nonhomologous chromosomes

non·ho·mol·o·gous chro·mo·somes

chromosomes that are not members of the same pair.
Farlex Partner Medical Dictionary © Farlex 2012
References in periodicals archive ?
A balanced reciprocal translocation is an exchange of material between two nonhomologous chromosomes, without loss or gain of material and balanced translocation carriers are usually healthy and phenotypically normal.
During discontinuous DNA synthesis of similar intermingled DNA sequences of nonhomologous chromosomes, unpaired single-strand regions (located at the telomeric ends next to centromeres), are able to occasionally base-pair.
Individuals with reciprocal translocation (2-way exchange of material between 2 nonhomologous chromosomes, with no net gain or loss of genetic material) are phenotypically normal unless the break-points interrupt or modify the function of a gene or genes (1).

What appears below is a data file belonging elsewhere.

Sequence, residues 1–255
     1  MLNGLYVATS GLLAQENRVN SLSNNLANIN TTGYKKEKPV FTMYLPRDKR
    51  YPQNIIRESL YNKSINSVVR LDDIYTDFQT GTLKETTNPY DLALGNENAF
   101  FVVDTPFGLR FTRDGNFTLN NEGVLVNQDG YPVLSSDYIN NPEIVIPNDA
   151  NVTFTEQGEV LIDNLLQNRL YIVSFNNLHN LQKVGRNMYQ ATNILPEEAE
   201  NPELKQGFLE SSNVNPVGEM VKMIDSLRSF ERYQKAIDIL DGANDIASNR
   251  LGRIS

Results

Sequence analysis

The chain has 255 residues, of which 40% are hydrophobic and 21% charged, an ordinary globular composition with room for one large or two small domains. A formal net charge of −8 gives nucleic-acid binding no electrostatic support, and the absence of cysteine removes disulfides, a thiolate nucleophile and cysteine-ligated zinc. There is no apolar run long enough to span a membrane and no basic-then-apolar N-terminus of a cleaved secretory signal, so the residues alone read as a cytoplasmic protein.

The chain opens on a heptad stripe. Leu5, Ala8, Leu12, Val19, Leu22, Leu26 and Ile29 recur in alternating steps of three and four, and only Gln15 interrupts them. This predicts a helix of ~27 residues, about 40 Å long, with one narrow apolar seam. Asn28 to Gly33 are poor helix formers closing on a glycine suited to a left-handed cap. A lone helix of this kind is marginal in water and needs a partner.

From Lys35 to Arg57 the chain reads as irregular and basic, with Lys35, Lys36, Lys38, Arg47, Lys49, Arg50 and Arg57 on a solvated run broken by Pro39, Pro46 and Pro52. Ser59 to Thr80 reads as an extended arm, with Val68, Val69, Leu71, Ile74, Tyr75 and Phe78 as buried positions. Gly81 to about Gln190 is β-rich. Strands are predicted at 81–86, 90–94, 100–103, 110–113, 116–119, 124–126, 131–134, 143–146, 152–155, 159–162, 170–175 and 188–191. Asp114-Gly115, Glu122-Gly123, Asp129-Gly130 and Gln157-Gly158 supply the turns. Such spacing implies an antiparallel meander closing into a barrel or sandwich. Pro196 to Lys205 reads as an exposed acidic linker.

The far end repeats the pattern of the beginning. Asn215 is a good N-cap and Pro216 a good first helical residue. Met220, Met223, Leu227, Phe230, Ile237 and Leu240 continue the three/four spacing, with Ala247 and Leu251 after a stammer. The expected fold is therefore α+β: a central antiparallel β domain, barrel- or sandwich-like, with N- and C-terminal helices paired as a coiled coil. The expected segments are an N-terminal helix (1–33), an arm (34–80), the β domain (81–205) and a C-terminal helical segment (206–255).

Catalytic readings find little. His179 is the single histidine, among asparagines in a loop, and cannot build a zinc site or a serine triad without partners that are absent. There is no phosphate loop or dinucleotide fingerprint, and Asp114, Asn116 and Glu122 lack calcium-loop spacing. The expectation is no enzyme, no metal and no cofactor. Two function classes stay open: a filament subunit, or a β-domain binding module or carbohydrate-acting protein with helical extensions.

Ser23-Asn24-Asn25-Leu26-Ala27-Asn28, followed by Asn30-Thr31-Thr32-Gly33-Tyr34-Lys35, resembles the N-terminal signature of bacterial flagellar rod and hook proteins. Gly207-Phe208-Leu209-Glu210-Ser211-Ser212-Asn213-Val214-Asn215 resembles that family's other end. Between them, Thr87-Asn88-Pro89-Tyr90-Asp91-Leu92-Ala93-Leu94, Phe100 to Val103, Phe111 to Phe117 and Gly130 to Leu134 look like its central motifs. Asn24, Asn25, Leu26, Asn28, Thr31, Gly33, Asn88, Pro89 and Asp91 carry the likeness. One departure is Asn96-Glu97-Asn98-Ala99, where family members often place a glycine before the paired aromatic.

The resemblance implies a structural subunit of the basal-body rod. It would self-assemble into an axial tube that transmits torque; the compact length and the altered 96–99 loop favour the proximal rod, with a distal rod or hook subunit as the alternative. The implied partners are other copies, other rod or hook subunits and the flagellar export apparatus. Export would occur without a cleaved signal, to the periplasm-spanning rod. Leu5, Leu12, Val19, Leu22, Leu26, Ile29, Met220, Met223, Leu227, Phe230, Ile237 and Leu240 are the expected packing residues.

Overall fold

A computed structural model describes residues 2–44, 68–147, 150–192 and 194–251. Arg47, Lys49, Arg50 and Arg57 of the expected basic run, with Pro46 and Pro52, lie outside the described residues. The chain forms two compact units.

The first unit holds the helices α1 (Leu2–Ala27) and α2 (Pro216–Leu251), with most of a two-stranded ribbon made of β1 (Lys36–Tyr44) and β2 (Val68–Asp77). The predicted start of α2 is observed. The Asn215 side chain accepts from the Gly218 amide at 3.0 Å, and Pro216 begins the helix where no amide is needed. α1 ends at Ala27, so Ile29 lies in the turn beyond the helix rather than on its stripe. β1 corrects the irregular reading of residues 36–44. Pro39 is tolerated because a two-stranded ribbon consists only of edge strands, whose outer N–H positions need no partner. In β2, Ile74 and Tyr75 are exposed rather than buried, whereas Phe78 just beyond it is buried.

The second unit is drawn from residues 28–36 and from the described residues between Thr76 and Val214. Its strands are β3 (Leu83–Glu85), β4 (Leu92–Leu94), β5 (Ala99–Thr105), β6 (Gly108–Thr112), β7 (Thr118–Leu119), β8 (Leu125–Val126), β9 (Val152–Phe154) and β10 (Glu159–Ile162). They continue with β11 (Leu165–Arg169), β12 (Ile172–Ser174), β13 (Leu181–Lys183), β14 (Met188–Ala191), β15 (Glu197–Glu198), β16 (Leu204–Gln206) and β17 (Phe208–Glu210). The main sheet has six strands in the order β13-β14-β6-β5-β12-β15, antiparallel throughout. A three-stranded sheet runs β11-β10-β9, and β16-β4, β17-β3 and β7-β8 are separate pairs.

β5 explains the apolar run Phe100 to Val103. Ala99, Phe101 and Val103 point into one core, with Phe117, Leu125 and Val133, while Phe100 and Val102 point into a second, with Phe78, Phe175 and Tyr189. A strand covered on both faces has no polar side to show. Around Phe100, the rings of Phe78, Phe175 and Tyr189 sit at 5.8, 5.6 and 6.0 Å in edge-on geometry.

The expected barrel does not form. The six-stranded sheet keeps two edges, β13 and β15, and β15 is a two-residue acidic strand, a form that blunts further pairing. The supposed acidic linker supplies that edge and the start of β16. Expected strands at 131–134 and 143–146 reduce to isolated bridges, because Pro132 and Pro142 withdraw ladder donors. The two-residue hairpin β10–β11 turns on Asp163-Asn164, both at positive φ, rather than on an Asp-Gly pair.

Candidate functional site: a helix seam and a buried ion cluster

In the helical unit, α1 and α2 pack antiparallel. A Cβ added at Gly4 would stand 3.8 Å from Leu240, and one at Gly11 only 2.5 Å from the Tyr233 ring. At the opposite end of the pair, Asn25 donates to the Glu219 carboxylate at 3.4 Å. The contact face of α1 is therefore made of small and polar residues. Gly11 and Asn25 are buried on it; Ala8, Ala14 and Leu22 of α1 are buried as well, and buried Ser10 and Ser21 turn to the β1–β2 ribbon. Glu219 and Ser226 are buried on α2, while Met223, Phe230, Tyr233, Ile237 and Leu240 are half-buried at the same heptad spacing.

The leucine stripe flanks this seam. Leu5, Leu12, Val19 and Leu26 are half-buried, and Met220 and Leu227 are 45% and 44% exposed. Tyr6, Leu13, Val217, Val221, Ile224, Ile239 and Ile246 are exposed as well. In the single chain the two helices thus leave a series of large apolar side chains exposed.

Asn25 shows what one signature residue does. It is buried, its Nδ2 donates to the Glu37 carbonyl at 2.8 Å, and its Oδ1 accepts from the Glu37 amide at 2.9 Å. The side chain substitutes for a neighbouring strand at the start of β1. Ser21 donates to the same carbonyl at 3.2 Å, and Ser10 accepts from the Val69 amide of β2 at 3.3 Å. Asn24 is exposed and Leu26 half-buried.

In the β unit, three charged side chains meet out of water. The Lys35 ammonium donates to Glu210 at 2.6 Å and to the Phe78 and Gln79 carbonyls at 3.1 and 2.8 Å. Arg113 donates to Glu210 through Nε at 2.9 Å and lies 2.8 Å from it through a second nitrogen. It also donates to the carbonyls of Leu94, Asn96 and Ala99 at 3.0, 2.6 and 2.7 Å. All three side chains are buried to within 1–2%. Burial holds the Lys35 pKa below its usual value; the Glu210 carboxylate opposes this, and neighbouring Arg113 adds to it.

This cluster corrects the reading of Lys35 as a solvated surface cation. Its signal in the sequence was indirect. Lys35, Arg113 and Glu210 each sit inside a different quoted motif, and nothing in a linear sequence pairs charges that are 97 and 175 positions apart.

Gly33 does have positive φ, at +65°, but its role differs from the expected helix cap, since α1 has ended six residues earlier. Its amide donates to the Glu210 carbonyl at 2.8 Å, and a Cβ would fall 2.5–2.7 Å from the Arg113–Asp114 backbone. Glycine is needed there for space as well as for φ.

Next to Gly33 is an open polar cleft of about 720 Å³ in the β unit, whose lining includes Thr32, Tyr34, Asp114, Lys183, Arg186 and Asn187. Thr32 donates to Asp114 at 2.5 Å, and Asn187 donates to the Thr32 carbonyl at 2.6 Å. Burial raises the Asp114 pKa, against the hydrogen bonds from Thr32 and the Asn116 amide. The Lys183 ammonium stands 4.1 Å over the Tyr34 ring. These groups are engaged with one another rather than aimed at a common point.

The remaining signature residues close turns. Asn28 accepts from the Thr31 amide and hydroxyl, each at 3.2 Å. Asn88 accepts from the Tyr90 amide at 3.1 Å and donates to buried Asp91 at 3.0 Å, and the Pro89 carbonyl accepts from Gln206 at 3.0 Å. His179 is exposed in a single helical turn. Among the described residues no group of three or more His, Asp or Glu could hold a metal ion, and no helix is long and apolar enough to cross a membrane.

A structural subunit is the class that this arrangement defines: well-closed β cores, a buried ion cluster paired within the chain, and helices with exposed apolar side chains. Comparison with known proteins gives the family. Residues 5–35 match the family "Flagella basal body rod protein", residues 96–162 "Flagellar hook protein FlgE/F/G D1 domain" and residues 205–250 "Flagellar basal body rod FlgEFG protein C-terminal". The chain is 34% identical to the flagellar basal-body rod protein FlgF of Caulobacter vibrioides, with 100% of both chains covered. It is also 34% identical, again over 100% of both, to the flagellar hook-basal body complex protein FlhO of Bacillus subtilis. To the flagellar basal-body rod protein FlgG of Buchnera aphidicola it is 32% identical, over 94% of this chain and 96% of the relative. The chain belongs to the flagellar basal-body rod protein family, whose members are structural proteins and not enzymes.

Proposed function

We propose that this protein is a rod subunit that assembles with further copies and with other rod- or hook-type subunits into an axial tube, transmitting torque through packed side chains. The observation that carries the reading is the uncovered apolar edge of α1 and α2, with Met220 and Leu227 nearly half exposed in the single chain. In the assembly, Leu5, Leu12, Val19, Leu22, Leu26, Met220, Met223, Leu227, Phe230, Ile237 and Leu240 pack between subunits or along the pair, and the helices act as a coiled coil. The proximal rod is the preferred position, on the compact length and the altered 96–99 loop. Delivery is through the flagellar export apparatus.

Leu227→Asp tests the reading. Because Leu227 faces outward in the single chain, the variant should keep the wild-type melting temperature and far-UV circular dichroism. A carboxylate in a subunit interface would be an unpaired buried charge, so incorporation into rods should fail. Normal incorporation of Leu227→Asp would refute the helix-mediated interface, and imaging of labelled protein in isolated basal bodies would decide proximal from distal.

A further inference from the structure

According to random probability, we expect about five-sixths of the differences between CS-B lines and TM-1 to be due to the substituted chromosome or segment, and the remaining sixth due to remnant 3-79 genes in nonhomologous chromosomes that was inadvertently retained during backcrossing and inbreeding.
These translocations, in which nonhomologous chromosomes exchange DNA sections, result in the repositioning of a gene (located at the chromosome breakpoint) at a foreign locus and in (1) aberrant expression of the gene or (2) expression of a novel from of the gene product.
Similar, homologous chromosomes pair whereas dissimilar, nonhomologous chromosomes do not.